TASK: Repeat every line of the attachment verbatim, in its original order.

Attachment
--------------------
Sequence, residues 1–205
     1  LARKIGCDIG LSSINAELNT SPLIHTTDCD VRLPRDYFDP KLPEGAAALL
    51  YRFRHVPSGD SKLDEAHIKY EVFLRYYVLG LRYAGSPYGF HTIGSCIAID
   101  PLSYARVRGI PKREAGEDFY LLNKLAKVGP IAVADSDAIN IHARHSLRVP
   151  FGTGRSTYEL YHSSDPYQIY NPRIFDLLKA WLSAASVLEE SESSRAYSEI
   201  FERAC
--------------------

Sequence, residues 1–205
     1  LARKIGCDIG LSSINAELNT SPLIHTTDCD VRLPRDYFDP KLPEGAAALL
    51  YRFRHVPSGD SKLDEAHIKY EVFLRYYVLG LRYAGSPYGF HTIGSCIAID
   101  PLSYARVRGI PKREAGEDFY LLNKLAKVGP IAVADSDAIN IHARHSLRVP
   151  FGTGRSTYEL YHSSDPYQIY NPRIFDLLKA WLSAASVLEE SESSRAYSEI
   201  FERAC